I am not easily hurt by words. I am rather resilient  —  unless the words make me feel as if I’ve done something wrong. I am sensitive to that sort of criticism. That has been one of my passing strategies, I have come to realize. I am often slow to notice it, but when humans identify my behavior as inappropriate I recoil, injured. And then, at times, if I am able, I try to change, at least outwardly, to match expectations. It is a painful, if effective, learning technique.

But I don’t want to feel that way in reaction to the words of my autistic peers. Amythest calls passing a “no win situation.” I feel I’ve won. I have hung in long enough, eking out a life, until achieving autistic enlightenment half a century in.

I try not to speak for anyone but myself, to avoid the pitfalls of generalization. It’s hard to say anything universal about people inhabiting the varied autistic landscape. But I can’t help thinking there are so many others within striking distance of my age who also passed as I did, even if not in the same way.

The autistic survivors of these lost generations need a different message: you endured. Be proud of yourself for doing that. Now look at who you really are and how much further you can go. You may be old, but there is still life left, a happier life. You are freed from the stress, from the burden you have suffered just to live. You needn’t waste all that energy on maintaining appearances. Spend it, instead, on things that delight you. Leverage what you have learned about the world of humans to make yourself better and to help others.

Today’s generations of autistic people may take some things for granted. In many cases they were diagnosed as a young child. I’m not trying to minimize the difficulties any autistic person has. In many ways, I have been incredibly lucky. But there’s an advantage in not having to live decades in the dark, alone, not even aware of one’s true nature.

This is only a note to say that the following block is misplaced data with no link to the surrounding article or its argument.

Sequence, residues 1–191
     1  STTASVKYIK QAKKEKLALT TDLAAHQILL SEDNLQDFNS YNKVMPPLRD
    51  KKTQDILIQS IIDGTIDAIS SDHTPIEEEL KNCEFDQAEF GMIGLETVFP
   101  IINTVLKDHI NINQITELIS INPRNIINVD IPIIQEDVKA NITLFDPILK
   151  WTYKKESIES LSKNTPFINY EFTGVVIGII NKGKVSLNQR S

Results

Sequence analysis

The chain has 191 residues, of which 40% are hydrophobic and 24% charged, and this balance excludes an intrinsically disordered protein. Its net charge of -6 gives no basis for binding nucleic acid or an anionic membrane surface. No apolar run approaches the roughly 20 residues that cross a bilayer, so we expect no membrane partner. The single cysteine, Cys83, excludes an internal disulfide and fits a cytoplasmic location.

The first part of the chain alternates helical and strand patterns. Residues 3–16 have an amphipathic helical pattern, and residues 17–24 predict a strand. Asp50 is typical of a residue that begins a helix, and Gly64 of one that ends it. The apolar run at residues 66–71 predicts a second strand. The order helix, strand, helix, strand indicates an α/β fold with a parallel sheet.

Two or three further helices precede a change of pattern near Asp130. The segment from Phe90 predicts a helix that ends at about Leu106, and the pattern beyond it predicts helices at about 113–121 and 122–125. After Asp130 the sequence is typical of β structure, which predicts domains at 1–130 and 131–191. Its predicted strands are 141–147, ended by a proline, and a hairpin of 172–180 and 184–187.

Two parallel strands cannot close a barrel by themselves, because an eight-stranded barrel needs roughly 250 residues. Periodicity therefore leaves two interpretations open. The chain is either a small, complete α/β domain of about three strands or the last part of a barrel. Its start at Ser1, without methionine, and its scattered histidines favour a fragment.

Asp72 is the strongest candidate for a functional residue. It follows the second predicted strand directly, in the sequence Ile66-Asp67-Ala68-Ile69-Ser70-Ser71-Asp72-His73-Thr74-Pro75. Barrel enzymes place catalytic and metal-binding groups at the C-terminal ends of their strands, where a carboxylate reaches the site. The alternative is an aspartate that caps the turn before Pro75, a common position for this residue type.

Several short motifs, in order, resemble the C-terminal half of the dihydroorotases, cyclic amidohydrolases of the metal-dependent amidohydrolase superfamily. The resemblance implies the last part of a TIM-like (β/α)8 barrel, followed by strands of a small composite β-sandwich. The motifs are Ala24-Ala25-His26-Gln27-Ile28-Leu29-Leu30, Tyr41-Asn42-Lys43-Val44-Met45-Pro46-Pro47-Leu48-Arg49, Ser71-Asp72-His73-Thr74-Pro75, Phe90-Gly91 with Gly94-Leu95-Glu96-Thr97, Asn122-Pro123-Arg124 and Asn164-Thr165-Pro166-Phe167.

Acceptance comes in many forms. I realize I represent the past. I’m a relic. Because of what we now know, there won’t ever be another lost autistic generation. That’s a good thing.  In another thirty years much of my cohort will be dead. In forty we will all be gone. By then, autistic people everywhere will be aware and, one would hope, accepted for being autistic, with no need to pass. To those generations, I welcome you to rejoice in who you are, and to remember us when we’re no longer here. Let our sacrifice finally, fully, bring on a world of acceptance, where surviving is replaced by thriving, where passing is a thing of the past.

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22 Comments on "The Passing of a Generation"


Member
September 6, 2016

Just an elaboration or expansion on your description of older autistic people who didn’t know, our generation.

I didn’t know I was autistic until this year. I am still undiagnosed by a professional, but it is so clear what I am. I too struggled to pass unconsciously just as an act of survival.

However, my struggle nearly killed me. I passed fairly well, but the stress and trauma from trying is still disabling me. Passing for all those years has not left me in a position of any sort of privilege or power. I am penniless and unable to work, completely dependent on others who don’t fully believe I’m autistic. They are learning, but it is very clear that any sort of opportunity for me to be happy at all in the future is to completely deny my ability to pass. It is a complete burden on me, a set of expectations I can no longer meet but that I earned in the past by pushing myself so hard that there is barely anything left of myself today.

I don’t know how to process this in terms of the politics of our advocacy. I don’t expect anything. I am just putting this somewhere where someone else might be able to make sense of it.

Thank you so much for being here and maintaining this space.

Guest
Ponetium
September 6, 2016

I am 28. I was diagnosed at 25.5. And this text…it talks to me.
I am so jealous of the people who are diagnosed at 5, 10, 15. I was invisible and wierd. Loke you, I passed, barely, because it was the only thing I could do.
Thank you.

Guest
Jennifer
September 7, 2016